Example:

var name = 'Sachin';

const func = function (age, hobby) {
  return (this.name + ' is ' + age + ' years old and his hobby is '
  + hobby);
};

var person = {
    name: 'John'
}

func(); /** Sachin is undefined years old and his 
hobby is undefined*/
func.apply(); /** Sachin is undefined years old and his 
hobby is undefined*/

console.log(func() === func.apply()); /** true*/

func('15', 'writing'); /** Sachin is 15 years old and his 
hobby is writing*/
func.apply(undefined, ['15', 'writing']); /** Sachin is 15 years 
old and his hobby is writing*/
func.apply(null, ['15', 'writing']); /** Sachin is 15 years 
old and his hobby is writing*/

/********* changing 'this' to 'person' object*********/
func.apply(person, ['20', 'music']); /** John is 20 years 
old and his hobby is music*/

/**************** strict mode ***************/
/** Cannot read property 'name' of undefined*/
func(); 
func('15', 'writing'); 
func.apply();
func.apply(undefined, ['15', 'writing']);

/** Cannot read property 'name' of null */
func.apply(null, ['15', 'writing']); 


bind()

Syntax: func.bind(thisArg[, arg1[, arg2[, ...argN]]])

  • bind() method creates and returns a copy of the function func.
  • when that new function is called, it has it's this value set to the value provided by thisArg.
  • arg1, arg2,..., argN are arguments that prepends to the arguments of that new returned function.

Let's understand this with an example:

// defining a person object
/** this object has a property 'age' and a method 
'getNameAndAge' */
const person = {
    age: 42,
    getNameAndAge: function(name) {
        return name + ' ' + this.age;
    }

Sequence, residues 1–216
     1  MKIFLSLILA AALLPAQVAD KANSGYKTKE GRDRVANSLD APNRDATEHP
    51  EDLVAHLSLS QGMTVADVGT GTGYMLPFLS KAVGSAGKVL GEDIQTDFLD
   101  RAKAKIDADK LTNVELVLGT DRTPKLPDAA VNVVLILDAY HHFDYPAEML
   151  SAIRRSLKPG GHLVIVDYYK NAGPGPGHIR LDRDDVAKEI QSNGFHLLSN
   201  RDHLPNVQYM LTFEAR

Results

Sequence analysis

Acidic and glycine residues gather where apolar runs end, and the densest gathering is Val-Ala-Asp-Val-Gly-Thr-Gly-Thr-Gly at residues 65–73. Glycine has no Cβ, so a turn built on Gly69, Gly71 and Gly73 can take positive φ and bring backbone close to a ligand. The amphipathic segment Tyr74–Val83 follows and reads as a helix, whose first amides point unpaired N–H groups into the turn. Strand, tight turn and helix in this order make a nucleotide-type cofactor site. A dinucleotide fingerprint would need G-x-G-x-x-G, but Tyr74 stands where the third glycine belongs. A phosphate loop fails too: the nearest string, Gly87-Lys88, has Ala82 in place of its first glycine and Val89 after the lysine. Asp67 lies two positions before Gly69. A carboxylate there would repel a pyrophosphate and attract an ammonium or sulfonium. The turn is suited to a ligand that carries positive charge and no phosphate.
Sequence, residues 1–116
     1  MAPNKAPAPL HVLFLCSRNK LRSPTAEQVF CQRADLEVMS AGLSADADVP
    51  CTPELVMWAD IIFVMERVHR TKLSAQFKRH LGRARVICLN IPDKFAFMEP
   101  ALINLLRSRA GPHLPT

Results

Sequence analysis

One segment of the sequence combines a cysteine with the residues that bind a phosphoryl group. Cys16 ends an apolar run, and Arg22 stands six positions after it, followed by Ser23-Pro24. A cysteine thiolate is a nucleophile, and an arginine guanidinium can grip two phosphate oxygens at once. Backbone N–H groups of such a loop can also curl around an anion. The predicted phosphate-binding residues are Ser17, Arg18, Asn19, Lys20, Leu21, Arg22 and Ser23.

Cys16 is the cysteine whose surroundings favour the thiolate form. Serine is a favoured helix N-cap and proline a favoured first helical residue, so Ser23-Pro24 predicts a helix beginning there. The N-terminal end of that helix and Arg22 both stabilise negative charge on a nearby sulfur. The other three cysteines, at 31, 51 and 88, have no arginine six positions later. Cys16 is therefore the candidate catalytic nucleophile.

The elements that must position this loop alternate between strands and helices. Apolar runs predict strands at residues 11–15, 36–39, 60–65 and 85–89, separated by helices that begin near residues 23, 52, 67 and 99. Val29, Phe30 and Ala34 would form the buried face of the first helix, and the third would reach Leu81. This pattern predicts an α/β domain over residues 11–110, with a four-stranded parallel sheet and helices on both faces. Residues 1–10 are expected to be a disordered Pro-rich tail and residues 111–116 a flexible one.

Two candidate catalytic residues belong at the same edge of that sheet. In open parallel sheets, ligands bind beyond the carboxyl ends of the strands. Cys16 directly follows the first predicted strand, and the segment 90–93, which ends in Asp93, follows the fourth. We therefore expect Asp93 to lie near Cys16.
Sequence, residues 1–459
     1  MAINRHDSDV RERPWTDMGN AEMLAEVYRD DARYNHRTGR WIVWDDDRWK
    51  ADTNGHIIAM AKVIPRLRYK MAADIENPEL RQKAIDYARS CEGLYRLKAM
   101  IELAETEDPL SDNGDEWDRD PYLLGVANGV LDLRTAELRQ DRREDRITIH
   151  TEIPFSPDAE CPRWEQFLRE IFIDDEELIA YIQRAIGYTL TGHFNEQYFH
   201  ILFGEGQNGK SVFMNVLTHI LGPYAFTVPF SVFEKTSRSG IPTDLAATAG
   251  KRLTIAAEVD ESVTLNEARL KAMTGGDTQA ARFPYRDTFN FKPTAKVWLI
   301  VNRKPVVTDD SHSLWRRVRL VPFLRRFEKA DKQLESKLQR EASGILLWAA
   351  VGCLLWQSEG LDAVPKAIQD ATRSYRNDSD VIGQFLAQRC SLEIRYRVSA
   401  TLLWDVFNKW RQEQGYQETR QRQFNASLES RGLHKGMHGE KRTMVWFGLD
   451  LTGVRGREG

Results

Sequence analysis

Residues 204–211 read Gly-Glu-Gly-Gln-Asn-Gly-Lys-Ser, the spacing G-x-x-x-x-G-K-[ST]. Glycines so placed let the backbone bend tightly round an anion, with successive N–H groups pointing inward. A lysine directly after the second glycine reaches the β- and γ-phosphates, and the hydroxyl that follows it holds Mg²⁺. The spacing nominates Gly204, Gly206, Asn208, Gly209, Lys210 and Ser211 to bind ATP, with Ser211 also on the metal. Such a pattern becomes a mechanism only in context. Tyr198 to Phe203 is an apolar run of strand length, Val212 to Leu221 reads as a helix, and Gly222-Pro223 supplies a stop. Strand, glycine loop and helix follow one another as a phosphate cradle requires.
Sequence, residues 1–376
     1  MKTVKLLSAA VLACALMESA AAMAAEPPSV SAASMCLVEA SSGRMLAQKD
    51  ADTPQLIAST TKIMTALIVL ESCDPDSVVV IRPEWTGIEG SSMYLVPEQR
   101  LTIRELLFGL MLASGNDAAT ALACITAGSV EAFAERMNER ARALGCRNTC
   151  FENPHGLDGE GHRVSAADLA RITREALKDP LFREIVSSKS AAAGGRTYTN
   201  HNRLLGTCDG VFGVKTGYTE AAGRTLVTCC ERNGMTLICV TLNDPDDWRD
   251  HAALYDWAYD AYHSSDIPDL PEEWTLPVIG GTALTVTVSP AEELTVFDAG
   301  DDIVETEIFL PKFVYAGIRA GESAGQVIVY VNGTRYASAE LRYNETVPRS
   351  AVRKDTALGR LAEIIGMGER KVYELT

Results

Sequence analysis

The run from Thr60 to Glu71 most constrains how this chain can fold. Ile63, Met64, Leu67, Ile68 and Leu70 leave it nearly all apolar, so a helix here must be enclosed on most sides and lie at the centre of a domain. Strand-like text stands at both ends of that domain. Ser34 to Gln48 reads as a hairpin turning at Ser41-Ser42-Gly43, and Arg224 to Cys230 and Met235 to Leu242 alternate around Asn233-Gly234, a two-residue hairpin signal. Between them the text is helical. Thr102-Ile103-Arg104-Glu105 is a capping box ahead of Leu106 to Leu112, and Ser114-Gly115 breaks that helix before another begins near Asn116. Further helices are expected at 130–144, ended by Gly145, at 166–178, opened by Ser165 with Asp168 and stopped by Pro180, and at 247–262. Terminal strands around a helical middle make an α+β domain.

}

// calling the method on the 'person' object directly
person.getNameAndAge('Sachin'); // Sachin 42

// assigning the reference of the method to variable nameAndAge
const nameAndAge = person.getNameAndAge;

// calling the function assigned to nameAndAge by referencing it 
nameAndAge('Sachin'); /** Sachin undefined (the function gets
invoked at the global scope)*/

// use of bind method
const boundNameAndAge = nameAndAge.bind(person, 'Sachin');
boundNameAndAge() /** Sachin 42 (bind method creates
a new function and bounds 'this' value to 'person' object)*/

// bind without any arguments
const boundNameAndAge = nameAndAge.bind();
boundNameAndAge('Sachin') // Sachin undefined

// setting 'this' to 'undefined'
const boundNameAndAge = nameAndAge.bind(undefined, 'Sachin'); 
boundNameAndAge() // Sachin undefined

// setting 'this' to 'null'
const boundNameAndAge = nameAndAge.bind(null, 'Sachin'); 
boundNameAndAge() // Sachin undefined
  • When we are executing nameAndAge('Sachin');, we are executing that function in the global scope and this here refers to the global window object and we have not defined age in the global scope, that's why it returns undefined.

  • const boundNameAndAge = nameAndAge.bind(person, 'Sachin');

    • bind method creates and returns a copy of nameAndAge function and sets this to person object. We are assigning that newly created function to variable boundNameAndAge. When we execute boundNameAndAge(), has it's this set to person and age property of person object returns.
  • In case of no arguments or this set to null or undefined, the this value for the newly created function is decided by the this of the executing scope.

Conclusion

  • call() and apply() executes the function immediately, whereas bind() returns a new function.
  • the object/value on which the function executes depends on the this value defined by the context.